The recent controversy over methodological errors in the Spanish Mediterranean diet study, PREDIMED, was overblown.
Critics noticed that the patients were not strictly randomized, and called the authors to account. One study site had allocated all patients to the Mediterranean diet, and a protocol change not mentioned in the original publication resulted in some household members of participants who had been randomized to one of the diets also being assigned to that diet.
The authors retracted the study, re-analyzed it taking into account the methodological errors, and republished it in the New England Journal of Medicine. The results were essentially identical. The Mediterranean diet supplemented with nuts reduced stroke by 46% over 5 years in both analyses.
Although the methodological criticisms were strictly accurate, the errors made by the one study site did not affect the outcomes, and I think the decision to allocate all members of a household to the same diet was sensible and did not in any way impair the quality of the study. No household wants to prepare two different meals every day.
Furthermore, this Spanish study, though the latest and the greatest, simply confirms in primary prevention what many other studies have shown.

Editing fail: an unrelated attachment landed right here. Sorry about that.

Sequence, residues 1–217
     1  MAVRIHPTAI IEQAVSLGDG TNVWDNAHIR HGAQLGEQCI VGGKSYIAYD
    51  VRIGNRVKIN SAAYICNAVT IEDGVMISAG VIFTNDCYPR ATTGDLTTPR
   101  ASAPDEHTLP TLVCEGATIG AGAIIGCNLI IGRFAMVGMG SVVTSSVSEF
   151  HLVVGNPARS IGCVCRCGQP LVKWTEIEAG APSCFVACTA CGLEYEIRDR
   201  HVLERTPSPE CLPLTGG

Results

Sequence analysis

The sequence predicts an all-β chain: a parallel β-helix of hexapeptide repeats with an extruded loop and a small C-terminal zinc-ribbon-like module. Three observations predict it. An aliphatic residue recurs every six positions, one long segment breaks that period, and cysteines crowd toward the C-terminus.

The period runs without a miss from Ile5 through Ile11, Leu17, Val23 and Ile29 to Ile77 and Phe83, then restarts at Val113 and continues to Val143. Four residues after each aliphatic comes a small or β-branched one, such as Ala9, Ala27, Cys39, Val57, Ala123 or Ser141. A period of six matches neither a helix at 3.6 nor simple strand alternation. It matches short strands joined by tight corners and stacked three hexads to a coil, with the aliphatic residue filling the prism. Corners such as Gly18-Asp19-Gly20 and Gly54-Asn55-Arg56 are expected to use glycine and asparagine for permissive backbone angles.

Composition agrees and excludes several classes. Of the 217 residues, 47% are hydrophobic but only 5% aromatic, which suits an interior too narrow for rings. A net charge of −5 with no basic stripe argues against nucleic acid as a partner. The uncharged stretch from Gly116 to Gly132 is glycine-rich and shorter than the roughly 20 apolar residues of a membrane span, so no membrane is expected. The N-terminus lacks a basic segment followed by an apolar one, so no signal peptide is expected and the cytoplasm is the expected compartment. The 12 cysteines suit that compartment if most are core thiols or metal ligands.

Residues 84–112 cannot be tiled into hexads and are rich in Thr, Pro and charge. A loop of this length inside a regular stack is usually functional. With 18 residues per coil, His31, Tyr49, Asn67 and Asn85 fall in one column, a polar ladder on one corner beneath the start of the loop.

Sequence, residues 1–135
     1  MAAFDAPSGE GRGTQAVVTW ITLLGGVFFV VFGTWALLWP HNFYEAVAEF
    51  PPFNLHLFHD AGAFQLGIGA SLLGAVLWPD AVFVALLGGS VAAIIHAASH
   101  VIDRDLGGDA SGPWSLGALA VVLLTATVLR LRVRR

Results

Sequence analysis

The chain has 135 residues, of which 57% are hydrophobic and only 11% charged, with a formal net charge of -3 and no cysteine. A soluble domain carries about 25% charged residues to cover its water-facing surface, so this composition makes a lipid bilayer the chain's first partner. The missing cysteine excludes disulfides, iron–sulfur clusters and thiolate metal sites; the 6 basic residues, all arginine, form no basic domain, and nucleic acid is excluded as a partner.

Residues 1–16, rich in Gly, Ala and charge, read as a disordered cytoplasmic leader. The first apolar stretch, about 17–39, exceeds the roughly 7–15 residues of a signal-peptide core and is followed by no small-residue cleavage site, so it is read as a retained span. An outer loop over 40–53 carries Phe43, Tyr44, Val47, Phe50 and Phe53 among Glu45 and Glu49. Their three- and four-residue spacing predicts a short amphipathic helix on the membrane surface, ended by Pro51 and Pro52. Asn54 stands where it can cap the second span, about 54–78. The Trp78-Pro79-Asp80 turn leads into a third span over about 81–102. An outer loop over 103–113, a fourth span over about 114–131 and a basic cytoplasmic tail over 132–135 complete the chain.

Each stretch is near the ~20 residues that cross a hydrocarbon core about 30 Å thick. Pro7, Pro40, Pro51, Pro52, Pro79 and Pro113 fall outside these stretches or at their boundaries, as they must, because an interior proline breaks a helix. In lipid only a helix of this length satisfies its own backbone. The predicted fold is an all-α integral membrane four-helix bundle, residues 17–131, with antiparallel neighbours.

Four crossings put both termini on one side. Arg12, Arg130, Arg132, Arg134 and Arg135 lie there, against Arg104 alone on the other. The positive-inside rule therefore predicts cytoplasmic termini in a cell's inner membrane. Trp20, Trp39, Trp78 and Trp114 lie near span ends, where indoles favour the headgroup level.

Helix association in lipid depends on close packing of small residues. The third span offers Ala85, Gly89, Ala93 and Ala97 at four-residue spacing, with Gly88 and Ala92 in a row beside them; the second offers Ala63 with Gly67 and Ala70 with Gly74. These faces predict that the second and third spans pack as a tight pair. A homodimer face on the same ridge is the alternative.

In the Seven Countries Study, the coronary risk on Crete was one-fifteenth what it was in Finland, where people eat more like North Americans, and only 40% of the risk in Japan, where only 10% of calories were from fat.
Recent books and articles have (with justification) demonized low-fat, high-carbohydrate diets but presented these as if they were the only alternative to a high-fat diet that is heavily based on consumption of meat and eggs. This represents a form of dietary suicide.
The Mediterranean diet is much misunderstood. It is not a high-carb, low-fat diet; it is a high-fat diet and therefore a low glycemic index diet. In the Seven Countries study, 40% of calories in Crete were from fat, mainly olive oil; whereas in Finland, 38% of calories were from fat, but mainly animal fat.
Most people think the Mediterranean diet is high in fish and chicken and low in red meat. This is partially true, but the quantity of animal flesh is misunderstood. In a retrospective article, Ancel Keys, PhD, the leader of the Seven Countries Study, described “the good Mediterranean Diet” as “a mainly vegetarian diet, favoring fruit for dessert …, low in meat and dairy.” The diet favors whole grains, nuts, legumes (beans, lentils, chickpeas, etc.), and high consumption of fruits and vegetables.
Thus, a daily serving of animal flesh of about 4 to 8 oz (or more), which might be the norm for most North Americans, does not conform to the Mediterranean diet. It would be more like 2 oz a day, mainly fish and chicken, or a serving the size of the palm of the hand about every other day.
The benefits of the Cretan Mediterranean Diet are probably of two kinds, negative and positive:
- Substituting olive oil for saturated animal fat and its evil companions — cholesterol, carnitine from red meat, and phosphatidylcholine from egg yolk.